I recently discovered the MTV show Catfish: The TV show.  Apparently, a Catfish is someone who poses as someone else online or lies about who they are in one way or another in order to lure people into relationships.  I actually ran into a psychopathic Catfish back in 2007.  He was trolling for attention, sex, fantasy, money… The truth is, I can’t begin to understand his psychology.  I only know that I will be happy if I never encounter another person as devious and sick as he.

The episodes of Catfish that I’ve seen haven’t featured anything as sick as what I encountered personally.  Generally, the Catfish seem to fall into a couple general categories:  1) The unhappy man or woman in a committed relationship, looking for fantasy and escape, and 2) Men and women who wish they were more successful, better looking or more exciting.

While I cannot imagine pretending to be someone other than I am, I can understand the desire to escape or present a “better” version of myself.  For instance, I used to post pictures taken at specific angles, designed to make me look thinner.  I got to be fit and it was fun and so much easier than actually working.

I also found myself living somewhat of a fantasy in that I was phenomenally social online and a virtual hermit offline.  I express myself best in writing so being on a social network provided me the opportunity to put my best foot forward: Kate 2.0, that was me.

Eventually, even the small alterations I made became a burden.  I wanted to be accepted in my imperfections.  Connection isn’t  real until it sees and loves fully.  I didn’t want to be a fantasy.  I just wanted to be me, full of imperfections but doing my best to be a kind and compassionate human.

One of the dangers of our cultural obsession with online media is that it tempts us to post only the best pictures of ourselves and it’s easy to white wash our lives, causing us to form incomplete connections.

I used to believe that online friendships were purer and more honest than offline friendships because they level the playing field.  It doesn’t much matter how we look or what we do for a living or where we live.  The thing is, those details do come into play and they’re very much a part of who we are.  When we alter them even slightly we’re presenting ourselves falsely in varying degrees.

I started out online only showing my feet and knees.  It was my thing.  Eventually, I began to show me but always in the best possible light and like I said, it truly bothered me.  It was a long process for me but eventually I came clean and said, “This is me and I’m nowhere close to being your fantasy.”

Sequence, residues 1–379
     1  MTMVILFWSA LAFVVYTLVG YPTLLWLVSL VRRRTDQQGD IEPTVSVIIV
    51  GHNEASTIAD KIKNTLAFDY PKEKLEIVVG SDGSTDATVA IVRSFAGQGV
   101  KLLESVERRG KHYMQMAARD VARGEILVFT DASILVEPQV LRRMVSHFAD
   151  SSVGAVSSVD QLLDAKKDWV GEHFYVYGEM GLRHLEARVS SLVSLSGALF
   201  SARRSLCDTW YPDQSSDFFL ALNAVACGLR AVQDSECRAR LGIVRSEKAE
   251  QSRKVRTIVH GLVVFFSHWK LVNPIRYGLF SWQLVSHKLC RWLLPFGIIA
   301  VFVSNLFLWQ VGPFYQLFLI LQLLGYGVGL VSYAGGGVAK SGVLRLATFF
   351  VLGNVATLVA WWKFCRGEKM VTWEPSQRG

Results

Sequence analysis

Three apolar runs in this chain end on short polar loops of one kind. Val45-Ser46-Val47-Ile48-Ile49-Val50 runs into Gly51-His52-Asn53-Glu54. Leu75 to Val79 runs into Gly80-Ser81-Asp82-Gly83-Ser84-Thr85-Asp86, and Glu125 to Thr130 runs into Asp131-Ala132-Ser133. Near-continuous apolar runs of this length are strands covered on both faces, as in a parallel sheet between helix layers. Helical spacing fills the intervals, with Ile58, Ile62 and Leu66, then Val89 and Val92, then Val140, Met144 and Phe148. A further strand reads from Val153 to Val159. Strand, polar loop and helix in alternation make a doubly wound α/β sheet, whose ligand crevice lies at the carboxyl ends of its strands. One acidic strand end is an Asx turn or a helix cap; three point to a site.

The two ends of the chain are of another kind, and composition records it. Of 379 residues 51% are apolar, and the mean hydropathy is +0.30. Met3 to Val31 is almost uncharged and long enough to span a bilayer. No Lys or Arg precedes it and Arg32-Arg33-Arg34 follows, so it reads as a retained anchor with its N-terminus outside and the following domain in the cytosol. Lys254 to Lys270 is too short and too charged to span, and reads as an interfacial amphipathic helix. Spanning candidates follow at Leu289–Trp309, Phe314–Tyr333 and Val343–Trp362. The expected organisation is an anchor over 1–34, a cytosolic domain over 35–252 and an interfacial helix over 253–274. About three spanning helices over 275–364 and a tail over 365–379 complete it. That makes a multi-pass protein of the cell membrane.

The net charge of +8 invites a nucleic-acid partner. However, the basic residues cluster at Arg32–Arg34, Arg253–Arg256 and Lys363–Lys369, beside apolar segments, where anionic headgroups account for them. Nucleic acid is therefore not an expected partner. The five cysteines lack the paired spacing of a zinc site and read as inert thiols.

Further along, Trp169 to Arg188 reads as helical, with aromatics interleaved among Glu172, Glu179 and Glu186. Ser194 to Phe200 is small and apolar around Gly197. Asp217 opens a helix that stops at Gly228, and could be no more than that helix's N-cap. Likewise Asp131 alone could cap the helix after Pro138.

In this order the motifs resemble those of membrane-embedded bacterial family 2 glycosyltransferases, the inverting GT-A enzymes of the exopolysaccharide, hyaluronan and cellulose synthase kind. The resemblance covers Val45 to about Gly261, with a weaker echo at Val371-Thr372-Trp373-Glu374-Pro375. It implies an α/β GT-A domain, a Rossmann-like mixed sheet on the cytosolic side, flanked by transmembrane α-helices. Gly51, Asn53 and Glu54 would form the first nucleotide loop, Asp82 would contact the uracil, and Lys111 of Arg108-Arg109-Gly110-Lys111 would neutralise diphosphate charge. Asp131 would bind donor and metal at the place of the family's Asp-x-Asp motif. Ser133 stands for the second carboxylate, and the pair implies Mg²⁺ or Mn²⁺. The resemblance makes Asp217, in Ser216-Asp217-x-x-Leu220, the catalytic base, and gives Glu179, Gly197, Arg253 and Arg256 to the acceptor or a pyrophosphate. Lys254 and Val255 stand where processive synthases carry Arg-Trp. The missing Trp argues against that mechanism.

That gave me the courage to finally go out and meet people I’d known online for years.  I was afraid but I knew they weren’t expecting Kate 2.0.  Without exception, we clicked as well face-to-face as we had online, if not better.  It was a hugely freeing experience for me.

Back to Catfish.  Some of the most compelling stories I’ve seen have been stories of goodhearted, well intentioned people who were afraid they’d never be accepted because of how they looked.  In most instances, appearances didn’t really matter once they were revealed because people had formed heart connections.  The real issue seems to be dishonesty.  Nobody likes being lied to.  It erodes trust.  Better unattractive or dirt poor than dishonest.

Like I said before, I haven’t seen any episodes of the show where there were huge deceits like the one I dealt with in 2007.  Malicious, sick pretenses.  I’ve mostly seen average people who wish they were other than they are, looking for connection.

I wish more of us would get offline and back into life with all it’s challenges and imperfections.  I wish more of us would work to make honest connections and in the process accept ourselves more fully for the beautifully flawed people we are.

Finally, I think the escape element of online life is incredibly damaging and keeps us in unhappy relationships.  Instead of talking to our significant other we escape to a place of fantasy online where everything is shiny and easy.  I love that Nev and Max on Catfish always insist that people deal with their offline relationships before they seek to meet anyone from their online world.  They encourage honesty and courage.

May we all seek to be honest and courageous.

Have you ever met a Catfish?  In what ways do you “manage” your online image?  I’m curious to hear your stories.


4 responses to this post.

  1. Posted by kev on October 11, 2013 at 12:22 pm

    I’m not aware of ever meeting a “Catfish”, yet it is entirely possible. I know of some groups of people that use different names and personas, but I’ve never directly been harmed by them. Social media opened me up to a world I never would have seen had I lived strictly offline. I came into it with no agenda, just looking to meet people. I am who I appear and like I live my life offline, I trust people until they give me a reason not to. I was and always have been honest. Honesty, as the saying goes, is the best policy. Nice to read your words.


    • It sounds like you’ve had a very positive experience online and I think you’re probably in the majority. I know the bulk of my experience has been positive as well. I would never have met some of the people I count as best friends (on- and offline) had I never ventured into social media. As to the icky stuff, it was a hard learned lesson in respecting my inner voice but that’s another story. Thank you for reading, Kev.


  2. Posted by David Fricke on October 17, 2013 at 5:41 pm

    Everyone shows you who they are, you just have to believe it.


    • You said a lot with few words, David. Unfortunately, I still haven’t learned to believe people when they show me who they are. I seems I am predisposed to believe the best despite all evidence to the contrary. Eventually, I’m going to get this. :)


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